FR:Did you try out any of Nakamats’ products while you were making the film?


KAS: Yeah I did drink a lot of Brain Drink during my stay, which I think is delicious. Bought some packs and drink it here in Denmark. Then the Flying Shoes are really a lot of fun! You feel like a super human, wearing them. I could run extremely fast.
Then I had a pretty strong jet-lag, when I came to Dr. NakaMats and he told me to sit 30 min in the Cerebrex, ‘cause that would cure it. I’m sorry to say it didn’t, but gave me a really bad headache.
Oh yeah and I also tried the bicycle taxi that runs on water. Once you helped it going it did the trick and worked. Though the motor looking like fuel cells. I’m not an expert, so I can’t say exactly how it works. And that’s the thing with Dr. NakaMats; he never explained the inventions down to the small details. Just that it works and is revolutionary.


FR: What projects are you working on now?


KAS: A few different ones. A new project about a company in Japan called “Hagemashi Tai” which translates to “I Want To Cheer Up Ltd.” That’s gonna be a big challenge. Then I have a project in development in Denmark, that I can’t talk about yet and I am also looking into shooting a film in the states and am doing some research at the moment on the impact of the recession on the middle class.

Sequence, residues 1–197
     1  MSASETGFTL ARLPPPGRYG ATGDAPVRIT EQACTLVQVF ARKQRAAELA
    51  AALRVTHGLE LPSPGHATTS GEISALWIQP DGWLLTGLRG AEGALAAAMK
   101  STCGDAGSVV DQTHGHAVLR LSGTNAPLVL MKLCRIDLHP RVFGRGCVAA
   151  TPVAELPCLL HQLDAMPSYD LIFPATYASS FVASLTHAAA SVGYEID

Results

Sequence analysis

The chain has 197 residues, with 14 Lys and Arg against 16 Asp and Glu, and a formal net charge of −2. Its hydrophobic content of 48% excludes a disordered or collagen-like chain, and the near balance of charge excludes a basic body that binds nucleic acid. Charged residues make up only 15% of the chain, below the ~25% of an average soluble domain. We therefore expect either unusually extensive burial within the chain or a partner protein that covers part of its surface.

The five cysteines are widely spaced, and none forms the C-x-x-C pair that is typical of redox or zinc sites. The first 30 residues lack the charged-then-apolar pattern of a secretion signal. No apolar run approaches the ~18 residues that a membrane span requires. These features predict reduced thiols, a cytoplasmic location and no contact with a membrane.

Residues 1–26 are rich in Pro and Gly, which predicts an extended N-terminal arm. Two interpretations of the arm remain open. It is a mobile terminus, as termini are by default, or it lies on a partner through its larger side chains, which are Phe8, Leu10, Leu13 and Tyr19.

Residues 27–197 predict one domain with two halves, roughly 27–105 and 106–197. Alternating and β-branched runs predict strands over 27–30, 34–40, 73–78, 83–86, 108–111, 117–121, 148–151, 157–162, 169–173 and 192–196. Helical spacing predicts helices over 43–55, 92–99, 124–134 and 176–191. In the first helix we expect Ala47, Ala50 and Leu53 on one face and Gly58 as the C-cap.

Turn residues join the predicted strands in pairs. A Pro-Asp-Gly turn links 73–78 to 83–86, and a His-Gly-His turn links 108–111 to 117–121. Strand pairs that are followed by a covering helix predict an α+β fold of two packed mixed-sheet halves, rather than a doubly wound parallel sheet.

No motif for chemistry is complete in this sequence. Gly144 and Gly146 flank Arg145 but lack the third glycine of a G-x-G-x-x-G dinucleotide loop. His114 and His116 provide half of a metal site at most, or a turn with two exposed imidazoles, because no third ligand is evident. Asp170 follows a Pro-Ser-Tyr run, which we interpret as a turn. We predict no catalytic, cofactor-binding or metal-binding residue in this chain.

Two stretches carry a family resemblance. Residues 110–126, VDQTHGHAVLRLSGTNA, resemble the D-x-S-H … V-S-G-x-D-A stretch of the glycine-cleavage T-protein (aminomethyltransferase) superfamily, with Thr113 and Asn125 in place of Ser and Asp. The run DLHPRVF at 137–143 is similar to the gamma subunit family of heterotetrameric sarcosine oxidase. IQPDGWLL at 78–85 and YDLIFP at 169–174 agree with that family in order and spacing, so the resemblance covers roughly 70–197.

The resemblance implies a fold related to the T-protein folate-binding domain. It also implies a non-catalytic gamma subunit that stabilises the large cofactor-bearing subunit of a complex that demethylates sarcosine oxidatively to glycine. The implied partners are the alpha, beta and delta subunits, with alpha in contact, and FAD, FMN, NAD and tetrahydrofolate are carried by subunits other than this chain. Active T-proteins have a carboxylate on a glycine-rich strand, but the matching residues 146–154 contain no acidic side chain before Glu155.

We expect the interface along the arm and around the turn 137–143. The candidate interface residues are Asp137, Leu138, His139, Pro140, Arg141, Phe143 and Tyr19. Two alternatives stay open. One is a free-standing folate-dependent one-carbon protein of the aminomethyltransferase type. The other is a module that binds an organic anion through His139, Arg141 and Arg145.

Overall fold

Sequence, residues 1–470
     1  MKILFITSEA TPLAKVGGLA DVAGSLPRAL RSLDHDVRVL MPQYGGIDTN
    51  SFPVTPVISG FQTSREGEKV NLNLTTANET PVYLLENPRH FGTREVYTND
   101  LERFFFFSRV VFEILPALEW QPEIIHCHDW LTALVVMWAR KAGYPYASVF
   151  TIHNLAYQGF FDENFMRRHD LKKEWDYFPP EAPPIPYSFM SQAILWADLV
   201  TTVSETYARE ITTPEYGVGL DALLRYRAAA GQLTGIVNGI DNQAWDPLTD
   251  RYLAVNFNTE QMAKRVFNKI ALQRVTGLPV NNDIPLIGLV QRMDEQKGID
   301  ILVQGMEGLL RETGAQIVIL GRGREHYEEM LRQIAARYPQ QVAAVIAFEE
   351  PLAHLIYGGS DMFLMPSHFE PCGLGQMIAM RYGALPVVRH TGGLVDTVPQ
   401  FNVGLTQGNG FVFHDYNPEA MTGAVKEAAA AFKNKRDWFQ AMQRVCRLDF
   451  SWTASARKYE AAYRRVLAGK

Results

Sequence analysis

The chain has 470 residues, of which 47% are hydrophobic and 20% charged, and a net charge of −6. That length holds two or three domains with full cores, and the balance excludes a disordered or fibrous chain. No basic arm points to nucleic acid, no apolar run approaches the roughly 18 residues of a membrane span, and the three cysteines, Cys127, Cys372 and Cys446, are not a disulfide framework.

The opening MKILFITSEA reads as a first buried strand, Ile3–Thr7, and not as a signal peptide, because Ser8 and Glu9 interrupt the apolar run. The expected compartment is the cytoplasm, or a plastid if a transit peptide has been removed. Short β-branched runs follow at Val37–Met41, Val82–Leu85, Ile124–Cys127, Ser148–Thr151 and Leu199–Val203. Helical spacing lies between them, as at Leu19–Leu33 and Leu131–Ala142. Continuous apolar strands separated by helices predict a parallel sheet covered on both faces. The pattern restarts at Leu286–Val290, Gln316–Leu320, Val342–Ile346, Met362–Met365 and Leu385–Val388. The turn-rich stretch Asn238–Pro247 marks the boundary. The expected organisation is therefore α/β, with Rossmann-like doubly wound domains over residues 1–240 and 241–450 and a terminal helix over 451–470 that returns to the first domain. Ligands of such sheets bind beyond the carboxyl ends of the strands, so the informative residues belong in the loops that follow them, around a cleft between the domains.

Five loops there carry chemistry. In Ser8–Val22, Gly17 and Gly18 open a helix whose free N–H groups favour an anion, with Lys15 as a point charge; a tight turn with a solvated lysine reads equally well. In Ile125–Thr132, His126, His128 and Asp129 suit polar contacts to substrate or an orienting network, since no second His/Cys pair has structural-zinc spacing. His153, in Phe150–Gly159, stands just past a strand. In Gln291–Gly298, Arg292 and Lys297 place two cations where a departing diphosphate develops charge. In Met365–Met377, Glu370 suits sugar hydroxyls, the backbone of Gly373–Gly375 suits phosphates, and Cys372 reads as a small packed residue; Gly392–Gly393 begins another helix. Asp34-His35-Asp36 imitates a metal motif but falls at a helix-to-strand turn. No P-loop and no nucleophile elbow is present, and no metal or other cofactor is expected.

Oh and then I just released my new film MY PLAYGROUND, which is a documentary about the impact of the new urban movement called parkour in modern architecture.


FR: The film has been making the rounds of the festival circuit.  Is there a chance the movie will see a wider U.S. release?


KAS: Cinetic Media in New York has picked up the north american distribution and hopefully there will be a television premiere and dvd premiere for the american audience later this year.


The Cinefamily will present a screening of The Invention of Dr. Nakamats this Thursday, November 18th at the Silent Movie Theatre on Fairfax.  Dr. Nakamats is scheduled to appear in person and there will be a reception and art show immediately following on the theatre’s back patio.  For more information, visit the Cinefamily website.



(This interview was originally conducted in Feburary 2010 following a screening of Dr. Nakmats at the True/False Documentary Festival.)